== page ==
Then Jesus began to denounce the towns in which most of his miracles had been performed, because they did not repent. “Woe to you, Chorazin! Woe to you, Bethsaida! For if the miracles that were performed in you had been performed in Tyre and Sidon, they would have repented long ago in sackcloth and ashes. But I tell you, it will be more bearable for Tyre and Sidon on the day of judgment than for you. And you, Capernaum, will you be lifted to the heavens? No, you will go down to Hades or if the miracles that were performed in you had been performed in Sodom, it would have remained to this day. But I tell you that it will be more bearable for Sodom on the day of judgment than for you” (Matthew 11:20-24).
Chorazin, Bethsaida, and Capernaum: What had they done to deserve such reproach? What had they done to earn such a curse?
Nothing. They’d done nothing. And that was the point. In the words of the old King James, “…they repented not” (11:20).
Our great grand-daddy of Presbyterians, John Calvin, in his commentary on the Gospel of Matthew, named their indifference was the sin of ingratitude. It was, he wrote, “As if there had never been poured upon it a drop of Divine grace.” The punishment would be greater “in proportion to the higher favors which it had received from God” (https://www.ccel.org/study/Matt_11:22-11:24).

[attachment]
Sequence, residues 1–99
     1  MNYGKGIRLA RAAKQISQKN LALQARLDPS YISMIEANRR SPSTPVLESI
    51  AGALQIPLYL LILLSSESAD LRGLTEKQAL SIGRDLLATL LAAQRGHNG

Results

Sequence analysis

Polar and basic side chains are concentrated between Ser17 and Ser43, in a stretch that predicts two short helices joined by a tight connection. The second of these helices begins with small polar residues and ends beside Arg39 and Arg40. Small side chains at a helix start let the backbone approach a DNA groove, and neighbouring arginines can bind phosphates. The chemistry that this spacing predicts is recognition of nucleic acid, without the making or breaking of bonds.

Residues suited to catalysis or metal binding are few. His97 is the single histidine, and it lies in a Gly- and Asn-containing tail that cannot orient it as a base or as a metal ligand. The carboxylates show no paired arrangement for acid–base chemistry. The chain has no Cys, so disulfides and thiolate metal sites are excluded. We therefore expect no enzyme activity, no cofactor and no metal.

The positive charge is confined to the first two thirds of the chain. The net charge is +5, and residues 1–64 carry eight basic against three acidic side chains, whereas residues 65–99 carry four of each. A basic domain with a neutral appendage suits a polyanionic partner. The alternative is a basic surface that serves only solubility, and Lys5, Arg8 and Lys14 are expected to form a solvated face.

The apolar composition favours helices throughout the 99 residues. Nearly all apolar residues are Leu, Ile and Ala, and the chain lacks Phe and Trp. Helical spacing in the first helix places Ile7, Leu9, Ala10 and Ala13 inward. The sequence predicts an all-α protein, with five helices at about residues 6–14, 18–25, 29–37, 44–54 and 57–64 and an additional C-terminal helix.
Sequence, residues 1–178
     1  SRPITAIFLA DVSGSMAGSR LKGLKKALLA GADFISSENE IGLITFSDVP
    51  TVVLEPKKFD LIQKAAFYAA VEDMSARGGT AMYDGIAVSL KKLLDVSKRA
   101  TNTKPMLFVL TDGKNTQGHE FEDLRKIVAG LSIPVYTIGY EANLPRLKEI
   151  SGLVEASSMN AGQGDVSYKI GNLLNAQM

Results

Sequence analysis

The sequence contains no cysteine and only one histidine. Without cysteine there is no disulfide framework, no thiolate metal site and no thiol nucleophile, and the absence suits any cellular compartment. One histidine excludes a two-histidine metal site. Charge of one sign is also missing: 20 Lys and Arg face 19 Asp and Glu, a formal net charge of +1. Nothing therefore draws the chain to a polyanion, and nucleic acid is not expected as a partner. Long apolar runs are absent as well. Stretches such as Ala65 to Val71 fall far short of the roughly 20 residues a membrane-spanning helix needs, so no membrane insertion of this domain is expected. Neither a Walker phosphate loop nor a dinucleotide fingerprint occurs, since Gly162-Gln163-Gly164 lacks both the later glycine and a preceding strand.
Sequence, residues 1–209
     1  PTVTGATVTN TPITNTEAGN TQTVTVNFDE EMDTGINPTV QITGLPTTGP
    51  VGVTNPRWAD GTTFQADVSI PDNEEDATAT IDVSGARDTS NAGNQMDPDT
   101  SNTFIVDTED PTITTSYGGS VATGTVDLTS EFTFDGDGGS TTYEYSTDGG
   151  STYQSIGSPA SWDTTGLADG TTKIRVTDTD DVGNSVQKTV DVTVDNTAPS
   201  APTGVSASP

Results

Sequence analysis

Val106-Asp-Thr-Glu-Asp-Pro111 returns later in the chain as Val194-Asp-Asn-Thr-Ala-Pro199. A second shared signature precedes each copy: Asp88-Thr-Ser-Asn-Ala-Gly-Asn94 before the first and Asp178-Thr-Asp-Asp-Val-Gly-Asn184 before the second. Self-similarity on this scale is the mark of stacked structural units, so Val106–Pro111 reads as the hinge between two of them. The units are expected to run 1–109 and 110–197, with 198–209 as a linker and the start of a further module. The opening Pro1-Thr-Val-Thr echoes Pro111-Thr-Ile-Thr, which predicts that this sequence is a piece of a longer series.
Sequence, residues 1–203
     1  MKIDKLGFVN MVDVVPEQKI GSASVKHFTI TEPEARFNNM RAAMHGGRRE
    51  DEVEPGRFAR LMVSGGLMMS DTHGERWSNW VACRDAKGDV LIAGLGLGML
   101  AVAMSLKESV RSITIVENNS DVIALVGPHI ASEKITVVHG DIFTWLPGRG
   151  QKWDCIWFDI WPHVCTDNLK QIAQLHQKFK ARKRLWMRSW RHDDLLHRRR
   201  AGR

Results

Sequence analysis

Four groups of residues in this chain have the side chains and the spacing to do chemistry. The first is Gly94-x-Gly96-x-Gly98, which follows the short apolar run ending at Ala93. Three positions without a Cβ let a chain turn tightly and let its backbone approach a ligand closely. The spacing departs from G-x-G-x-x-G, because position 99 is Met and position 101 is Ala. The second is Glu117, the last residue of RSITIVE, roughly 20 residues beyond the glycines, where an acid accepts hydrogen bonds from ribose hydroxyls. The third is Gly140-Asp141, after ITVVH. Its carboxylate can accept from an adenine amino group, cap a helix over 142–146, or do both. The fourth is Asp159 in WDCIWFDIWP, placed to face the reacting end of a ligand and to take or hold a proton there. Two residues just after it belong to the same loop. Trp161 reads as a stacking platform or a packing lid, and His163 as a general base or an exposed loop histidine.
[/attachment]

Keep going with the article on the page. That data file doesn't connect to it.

Simply put, the miracles dazzled their eyes, but didn’t change their hearts. Jesus wasn’t a Messiah to them; he was a magician, nothing more. Their hearts weren’t changed. They didn’t turn their lives around. That’s what “repent” means, after all. “To turn around.” To turn from the old and embrace the new. To turn from sin and choose virtue instead. To turn from death and rejoice in new life.
But, u-turns are hard to make some times…for lots of reasons. Even when you’ve had that heart stopping moment of God’s presence wrapped around you, [Read more…]